The Office of International Students and Scholars (OISS) seeks volunteers for Community Connections, a program to help international students, scholars, and in many cases, their families connect with members of Yale, New Haven, and other local communities.
The program helps members of Yale’s international community learn more about U.S. culture, improve their language skills, and make new friends. There are four different ways to participate in Community Connection programs including First Year Friends, Conversation Partners, English Conversation Facilitators, and Thanksgiving Hosts.
To provide more information on the programs, OISS will host a Community Connections Info Session on Tuesday, Oct. 16 at 5 p.m. at the OISS offices at 421 Temple St.
“While each program has a slightly different focus, all of them exist with the express purpose of encouraging cross-cultural exchange and friendship,” said Ann Kuhlman. “Students, scholars, and hosts participating in these programs almost always come away with new friends, increased appreciation of other cultures, and broader and deeper awareness of the world we all share.”
Each fall OISS recruits volunteers to host two or more international students/scholars for Thanksgiving dinner. Thanksgiving is an exclusively American holiday, so celebrating the day with an American family is a unique experience for many international students and scholars.
“We always have more international guests than hosts, so it’s an area where we work especially hard to find hosts; it’s a fantastic way to give back to the community,” said Molly Hampton, OISS assistant director for program and communications, who manages all the Community Connections programs. Hampton says that OISS can guarantee that anyone volunteering to be a host will be matched with a guest. OISS also recruits and hosts students for Spring Break.
“Many international Yale students don’t travel home for breaks, so it’s a great way to provide them with some company while they remain in New Haven,” said Hampton. “Even just getting away from campus for one home-cooked meal here and there can be a welcome respite from the quiet campus.”
Past participants agree. A student from China who participated in the Thanksgiving program said her hosts were so kind that it felt like old friends meeting again. Another student from Russia participating in the same program added that “I felt like I was at home: the first time in my four years in the U.S.”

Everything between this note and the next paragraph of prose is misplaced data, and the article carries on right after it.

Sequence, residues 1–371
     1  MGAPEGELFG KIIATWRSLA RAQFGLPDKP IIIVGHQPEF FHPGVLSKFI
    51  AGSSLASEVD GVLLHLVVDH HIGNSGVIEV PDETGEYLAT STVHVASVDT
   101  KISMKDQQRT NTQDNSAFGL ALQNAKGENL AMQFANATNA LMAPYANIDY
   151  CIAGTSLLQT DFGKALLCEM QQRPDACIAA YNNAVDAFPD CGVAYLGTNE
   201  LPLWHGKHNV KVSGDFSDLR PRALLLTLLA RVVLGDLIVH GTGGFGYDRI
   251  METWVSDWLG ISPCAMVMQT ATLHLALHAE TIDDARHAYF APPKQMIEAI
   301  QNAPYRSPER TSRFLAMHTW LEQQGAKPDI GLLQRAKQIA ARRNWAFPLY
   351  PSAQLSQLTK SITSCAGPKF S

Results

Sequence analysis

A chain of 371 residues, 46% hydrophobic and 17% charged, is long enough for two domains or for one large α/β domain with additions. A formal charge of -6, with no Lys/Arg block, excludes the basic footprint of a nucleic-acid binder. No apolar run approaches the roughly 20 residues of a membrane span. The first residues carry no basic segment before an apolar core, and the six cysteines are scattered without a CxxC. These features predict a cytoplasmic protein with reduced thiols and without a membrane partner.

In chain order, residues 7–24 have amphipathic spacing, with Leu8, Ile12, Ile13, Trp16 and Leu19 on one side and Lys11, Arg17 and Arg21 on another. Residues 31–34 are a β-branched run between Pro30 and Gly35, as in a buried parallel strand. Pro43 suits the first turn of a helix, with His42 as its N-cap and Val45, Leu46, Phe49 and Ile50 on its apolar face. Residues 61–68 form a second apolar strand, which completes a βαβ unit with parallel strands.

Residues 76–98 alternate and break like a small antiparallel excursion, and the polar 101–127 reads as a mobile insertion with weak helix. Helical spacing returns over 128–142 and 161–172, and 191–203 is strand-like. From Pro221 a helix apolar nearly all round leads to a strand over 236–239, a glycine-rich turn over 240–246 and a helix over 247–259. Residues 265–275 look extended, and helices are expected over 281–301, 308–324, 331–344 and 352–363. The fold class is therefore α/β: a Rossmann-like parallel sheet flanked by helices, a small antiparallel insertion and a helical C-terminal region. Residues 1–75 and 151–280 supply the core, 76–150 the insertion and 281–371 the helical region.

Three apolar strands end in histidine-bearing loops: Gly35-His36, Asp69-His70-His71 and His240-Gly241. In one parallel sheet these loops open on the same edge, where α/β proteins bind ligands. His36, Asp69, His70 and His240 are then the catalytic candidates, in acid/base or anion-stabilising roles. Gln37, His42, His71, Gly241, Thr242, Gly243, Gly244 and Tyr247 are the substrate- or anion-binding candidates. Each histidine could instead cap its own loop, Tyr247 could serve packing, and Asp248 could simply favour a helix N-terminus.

First Year Friends
First Year Friends matches incoming first-year international Yale College students with local hosts who provide them with an introduction to the United States, New Haven, and Yale cultures. The program spans the entire academic year, with participating hosts and students typically meeting once a month to share a meal or enjoy activities such as hiking, day trips to popular Connecticut locations, local festivals, theater performances, or sporting events.
According to Hampton, First Year Friends is the most informal, and the most social of the programs.
“First Year Friends not only helps quickly assimilate international students into their new communities but is a fantastic kickstart to building new, enduring friendships,” said Hampton. “It fosters awareness, acceptance, and empathy.”
First Year Friends are usually matched at the beginning of the fall semester, so it is a good time for those interested in the program to register. However, Hampton says, registration is always encouraged regardless of the time of year because even if OISS can’t immediately match people, they hold onto applications until a match is made.
Ron Heiferman, a volunteer who has participated in both the First Year Friends & English Conversation Facilitator programs for several years, sees participants as ambassadors for Yale, New Haven, and the United States. Heiferman is a Yale alumnus and an associate fellow at Berkeley College at Yale, and serves on the board of directors at the Yale Club of New Haven.
“Hopefully, in supporting these programs we can help insure that our student friends leave with a positive impression of our university, city, and country,” said Heiferman. “And another benefit for me is that hosting these young people from abroad puts a pep back in my step!”
Suzanne Cooney, another long-time volunteer of First Year Friends and an English conversation facilitator, agrees with Heiferman, considering her time as a volunteer to be a truly unique, satisfying experience.